Environmental Factor, April 2009, National Institute of Environmental Health Sciences
Extramural Papers of the Month
By Jerry Phelps
- Nanotechnology Delivers -- First Report of Targeted Killing of Tumor Cells
- New Genetic Markers Identified for Increased Heart Attack Risk
- Autism Increase Not Due to Better Diagnosis
- Extreme Temperature and Mortality Risk
Nanotechnology Delivers -- First Report of Targeted Killing of Tumor Cells
Within the family of nanomaterials, carbon nanotubes have emerged as a new alternative and efficient tool for transporting drugs. In new research sponsored by NIEHS, researchers report the first targeted killing of cancer cells in animals using a single wall carbon nanotube drug-delivery system.
Single-walled carbon nanotubes are on the order of a few nanometers (about 1/50,000th of the width of a human hair) in diameter and can be several millimeters in length. They have many novel properties that make them potentially useful in a number of applications including electronics, optics, material sciences, architecture and as targeted drug-delivery devices.
In the current study, carbon nanotubes were conjugated with the anti-cancer agent cisplatin along with epidermal growth factor (EGF) to specifically target head and neck squamous carcinoma cells in mice. In vitro experiments showed that cancer cells treated with carbon nanotubes bound to cisplatin and epidermal growth factor killed selectively. Control treatments that did not include epidermal growth factor did not affect cell proliferation. In vivo experiments demonstrated rapid regression of tumor growth in mice treated with carbon nanotubes with both cisplatin and epidermal growth factor. Other studies showed that without epidermal growth factor, carbon nanotubes were cleared from the treated areas in less than 20 minutes. These results point to the potential of carbon nanotubes as targeted anti-cancer drug-delivery systems.
Citation: Bhirde AA, Patel V, Gavard J, Zhang G, Sousa AA, Masedunskas A, Leapman RD, Weigert R, Gutkind JS, Rusling JF. (http://www.ncbi.nlm.nih.gov/pubmed/19236065?ordinalpos=1&itool=EntrezSystem2.PEntrez.Pubmed.Pubmed_ResultsPanel.Pubmed_DefaultReportPanel.Pubmed_RVDocSum) 2009. Targeted killing of cancer cells in vivo and in vitro with EGF-directed carbon nanotube-based drug delivery. ACS Nano 3(2):307-316.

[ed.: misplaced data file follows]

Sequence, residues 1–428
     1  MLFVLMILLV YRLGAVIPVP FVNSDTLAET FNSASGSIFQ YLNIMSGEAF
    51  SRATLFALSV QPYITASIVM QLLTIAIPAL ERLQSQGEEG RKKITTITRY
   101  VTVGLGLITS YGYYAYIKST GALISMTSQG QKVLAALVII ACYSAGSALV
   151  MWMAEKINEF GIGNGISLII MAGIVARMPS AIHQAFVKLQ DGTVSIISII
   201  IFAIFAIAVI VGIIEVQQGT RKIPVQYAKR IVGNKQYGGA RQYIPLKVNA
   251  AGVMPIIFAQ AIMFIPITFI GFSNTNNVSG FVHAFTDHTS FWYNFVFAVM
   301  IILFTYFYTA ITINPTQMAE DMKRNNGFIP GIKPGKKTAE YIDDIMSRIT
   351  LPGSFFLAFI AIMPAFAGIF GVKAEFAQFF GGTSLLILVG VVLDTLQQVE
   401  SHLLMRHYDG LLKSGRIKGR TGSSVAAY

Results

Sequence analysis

An international team of scientists partially supported by NIEHS has found nine new gene variants, also known as single nucleotide polymorphisms, associated with an increased risk of myocardial infarction or heart attack. These polymorphisms provide new insight for understanding genetic patterns of heart attack and for developing new treatment options.
One key finding of the report is that people who carry more than one of the markers have more than twice the risk for heart attack. The scientists performed a genome-wide scan of thousands of patients with hundreds of thousands of genetic markers. Heart attack patients, previously enrolled in an existing study, and healthy control persons participated in the study.
In one study, suspect genes were mapped to chromosomes 3 and 12. One of these genes, known as MRAS, plays an important role in cardiovascular biology. Another gene, HNF1A, is closely associated with cholesterol metabolism. Another study identified three previously unknown genes on chromosome 2, 6 and 21. Results from this study show that the higher the number of disease genes a person has, the higher the risk for heart attack.
The scientists conclude that the knowledge gained from their work will aid in addressing the risk of heart attack in order to develop preventive and early intervention strategies.